A lodger is someone who rents a room in their landlord’s home and who shares living space with the landlord.  

Some lodgers receive services, such as meals or cleaning, as part of their agreement. Only certain people are allowed to take in lodgers. 

A lodger’s landlord could be the owner of the property, or someone who rents the property from the owner. 

What rights do lodgers have? 

If you share facilities such as the kitchen and bathroom with the landlord, you will be an excluded occupier. Excluded occupiers have very few rights. The landlord will only have to give reasonable notice, which could be a very short amount of time, in order to evict you. 

If you don’t share facilities, you could be a sub-holder rather than a lodger. This means that the landlord may need a court order to evict you. 

Should there be a written agreement?
It is a good idea to have a written agreement which clearly sets out the arrangements between you and the landlord for paying the rent, any deposit, rent in advance, house rules and how the agreement can be ended.

Be careful about paying a lot of money upfront. If the arrangement doesn’t work out it might be difficult to get the money back and you may need to make a claim in the court to recover it. Many live-in landlords don’t require deposits or rent in advance, but if they do, make sure that this is included in your written agreement and that this covers the circumstances that the landlord can keep part or all of the money when you move out.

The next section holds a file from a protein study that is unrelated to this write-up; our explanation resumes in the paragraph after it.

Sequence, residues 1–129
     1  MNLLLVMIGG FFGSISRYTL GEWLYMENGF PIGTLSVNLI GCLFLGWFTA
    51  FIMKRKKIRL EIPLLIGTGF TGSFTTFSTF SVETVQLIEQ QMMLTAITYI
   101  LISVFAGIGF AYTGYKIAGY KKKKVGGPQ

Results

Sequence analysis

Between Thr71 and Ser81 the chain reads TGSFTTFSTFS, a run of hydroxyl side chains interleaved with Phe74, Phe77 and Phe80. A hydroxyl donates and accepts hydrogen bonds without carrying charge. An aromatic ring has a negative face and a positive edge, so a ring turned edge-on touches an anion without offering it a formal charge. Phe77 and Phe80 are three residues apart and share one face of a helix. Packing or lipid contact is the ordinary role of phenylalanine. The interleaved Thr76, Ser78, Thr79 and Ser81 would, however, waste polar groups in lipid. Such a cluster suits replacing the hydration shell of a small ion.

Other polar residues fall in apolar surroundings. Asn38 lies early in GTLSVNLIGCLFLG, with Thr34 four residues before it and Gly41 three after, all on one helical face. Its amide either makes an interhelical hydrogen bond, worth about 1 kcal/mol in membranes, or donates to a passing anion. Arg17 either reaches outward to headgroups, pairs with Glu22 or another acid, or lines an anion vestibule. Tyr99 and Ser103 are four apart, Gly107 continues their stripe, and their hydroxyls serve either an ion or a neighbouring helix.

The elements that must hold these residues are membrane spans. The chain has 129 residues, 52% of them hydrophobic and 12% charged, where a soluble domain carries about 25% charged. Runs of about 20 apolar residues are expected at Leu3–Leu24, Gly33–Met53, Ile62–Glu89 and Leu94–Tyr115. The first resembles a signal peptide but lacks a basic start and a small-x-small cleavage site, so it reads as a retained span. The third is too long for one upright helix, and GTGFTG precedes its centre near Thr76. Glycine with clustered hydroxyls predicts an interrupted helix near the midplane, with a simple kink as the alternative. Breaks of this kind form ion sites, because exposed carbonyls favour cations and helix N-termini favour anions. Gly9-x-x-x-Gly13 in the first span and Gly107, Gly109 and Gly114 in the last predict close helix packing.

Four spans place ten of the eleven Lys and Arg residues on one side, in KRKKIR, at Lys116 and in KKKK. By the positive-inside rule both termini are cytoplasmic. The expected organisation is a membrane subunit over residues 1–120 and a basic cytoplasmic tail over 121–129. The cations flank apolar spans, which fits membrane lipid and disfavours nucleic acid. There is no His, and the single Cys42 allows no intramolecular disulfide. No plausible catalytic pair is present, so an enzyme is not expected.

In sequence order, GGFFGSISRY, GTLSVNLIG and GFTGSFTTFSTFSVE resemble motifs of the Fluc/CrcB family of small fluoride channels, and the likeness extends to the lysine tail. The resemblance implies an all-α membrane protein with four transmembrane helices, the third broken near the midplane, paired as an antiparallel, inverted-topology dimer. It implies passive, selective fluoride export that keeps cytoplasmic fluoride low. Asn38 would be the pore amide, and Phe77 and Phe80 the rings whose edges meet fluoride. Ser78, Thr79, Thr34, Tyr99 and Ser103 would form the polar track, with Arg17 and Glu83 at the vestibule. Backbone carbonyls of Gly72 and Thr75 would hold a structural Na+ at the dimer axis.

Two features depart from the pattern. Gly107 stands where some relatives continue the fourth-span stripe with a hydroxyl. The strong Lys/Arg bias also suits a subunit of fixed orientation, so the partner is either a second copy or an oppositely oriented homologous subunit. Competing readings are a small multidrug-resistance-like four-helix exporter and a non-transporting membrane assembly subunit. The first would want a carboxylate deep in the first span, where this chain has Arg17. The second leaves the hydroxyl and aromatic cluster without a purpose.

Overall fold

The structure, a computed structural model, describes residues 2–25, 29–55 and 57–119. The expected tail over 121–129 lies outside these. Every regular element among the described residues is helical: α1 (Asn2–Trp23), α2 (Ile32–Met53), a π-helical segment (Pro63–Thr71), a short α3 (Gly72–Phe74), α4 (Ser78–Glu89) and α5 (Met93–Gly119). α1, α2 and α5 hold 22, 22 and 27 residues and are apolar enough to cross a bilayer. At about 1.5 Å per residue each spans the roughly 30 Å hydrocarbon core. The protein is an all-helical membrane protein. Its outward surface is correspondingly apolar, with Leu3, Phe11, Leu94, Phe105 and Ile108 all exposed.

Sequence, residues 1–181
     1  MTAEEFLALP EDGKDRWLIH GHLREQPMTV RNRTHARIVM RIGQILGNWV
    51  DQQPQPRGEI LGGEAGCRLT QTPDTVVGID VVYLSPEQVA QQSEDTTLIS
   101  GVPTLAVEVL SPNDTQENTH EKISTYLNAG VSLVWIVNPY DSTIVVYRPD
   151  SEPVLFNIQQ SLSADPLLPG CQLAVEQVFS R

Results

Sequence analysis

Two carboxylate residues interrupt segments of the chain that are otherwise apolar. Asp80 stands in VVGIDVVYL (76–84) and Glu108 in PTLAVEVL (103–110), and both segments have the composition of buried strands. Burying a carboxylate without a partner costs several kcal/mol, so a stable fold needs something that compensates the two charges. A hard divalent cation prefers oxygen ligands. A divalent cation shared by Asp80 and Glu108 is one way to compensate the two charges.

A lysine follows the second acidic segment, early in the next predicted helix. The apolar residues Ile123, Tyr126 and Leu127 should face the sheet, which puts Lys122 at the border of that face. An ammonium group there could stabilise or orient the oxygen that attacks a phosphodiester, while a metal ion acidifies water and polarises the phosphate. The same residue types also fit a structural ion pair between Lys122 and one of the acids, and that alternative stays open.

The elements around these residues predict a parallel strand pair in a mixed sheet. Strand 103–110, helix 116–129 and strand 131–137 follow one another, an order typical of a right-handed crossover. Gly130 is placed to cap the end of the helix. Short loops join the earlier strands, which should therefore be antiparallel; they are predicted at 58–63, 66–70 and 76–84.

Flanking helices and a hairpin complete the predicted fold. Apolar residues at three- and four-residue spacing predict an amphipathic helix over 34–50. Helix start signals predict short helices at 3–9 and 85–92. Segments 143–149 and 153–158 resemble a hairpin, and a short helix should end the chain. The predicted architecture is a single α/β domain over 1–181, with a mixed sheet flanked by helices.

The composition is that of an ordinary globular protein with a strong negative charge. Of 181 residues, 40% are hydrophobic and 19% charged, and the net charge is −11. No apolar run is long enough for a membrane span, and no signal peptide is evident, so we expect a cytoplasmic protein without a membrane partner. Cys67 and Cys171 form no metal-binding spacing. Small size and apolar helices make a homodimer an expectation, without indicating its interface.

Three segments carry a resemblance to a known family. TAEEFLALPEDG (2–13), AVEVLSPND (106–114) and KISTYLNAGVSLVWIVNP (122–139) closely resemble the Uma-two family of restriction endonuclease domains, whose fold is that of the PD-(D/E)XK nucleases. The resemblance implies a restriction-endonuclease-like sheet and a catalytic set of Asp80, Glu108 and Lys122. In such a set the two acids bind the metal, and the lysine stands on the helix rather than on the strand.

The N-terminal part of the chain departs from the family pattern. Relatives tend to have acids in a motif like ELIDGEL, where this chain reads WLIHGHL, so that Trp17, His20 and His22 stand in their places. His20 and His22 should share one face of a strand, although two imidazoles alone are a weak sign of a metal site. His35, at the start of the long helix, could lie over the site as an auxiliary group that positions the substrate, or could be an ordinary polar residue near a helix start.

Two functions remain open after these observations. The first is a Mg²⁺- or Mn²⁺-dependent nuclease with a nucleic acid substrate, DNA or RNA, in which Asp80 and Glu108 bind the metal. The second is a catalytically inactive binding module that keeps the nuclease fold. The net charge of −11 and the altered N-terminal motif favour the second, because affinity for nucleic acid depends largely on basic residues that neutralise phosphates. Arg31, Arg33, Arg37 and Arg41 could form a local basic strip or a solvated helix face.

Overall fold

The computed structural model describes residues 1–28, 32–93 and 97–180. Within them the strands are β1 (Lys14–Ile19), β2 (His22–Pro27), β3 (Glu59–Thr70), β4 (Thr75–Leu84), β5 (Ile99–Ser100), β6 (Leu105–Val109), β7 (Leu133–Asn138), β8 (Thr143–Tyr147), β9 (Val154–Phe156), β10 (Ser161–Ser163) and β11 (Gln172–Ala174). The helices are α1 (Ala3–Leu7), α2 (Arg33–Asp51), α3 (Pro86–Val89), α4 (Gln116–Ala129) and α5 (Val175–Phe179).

Both you and the landlord should sign the agreement and keep a copy each. Setting out the rights and responsibilities of landlord and lodger in writing from the start can help to avoid misunderstandings or disputes further on down the line. 

I have a lodgers agreement with someone who is renting the home from another landlord

If the person you have a lodgers agreement with is renting the property from another landlord (called a ‘head landlord’), this does not usually affect your agreement. However, if your landlord’s contract with the head landlord ends, the head landlord might be able to evict you even if your lodgers agreement was for a fixed term.

Much will depend on whether your landlord’s contract allowed them to take in a lodger or sublet. For more information about what they should consider if they intend to take in a lodger or sublet, see here.

The law in these situations is complex, so get help.

Did you find this helpful?

Rydym yn ymddiheuro na fedrwn ddarparu’r wybodaeth yma yn Gymraeg, ond os hoffech siarad ag ymgynghorydd yn Gymraeg yna cysylltwch ar 08000 495 495.
We are sorry that we cannot provide this information in Welsh, however if you would like to speak to an adviser in Welsh please contact 08000 495 495.

This page was last updated on: May 11, 2023

Shelter Cymru acknowledges the support of Shelter in allowing us to adapt their content. The information contained on this site is updated and maintained by Shelter Cymru and only gives general guidance on the law in Wales. It should not be regarded or relied upon as a complete or authoritative statement of the law.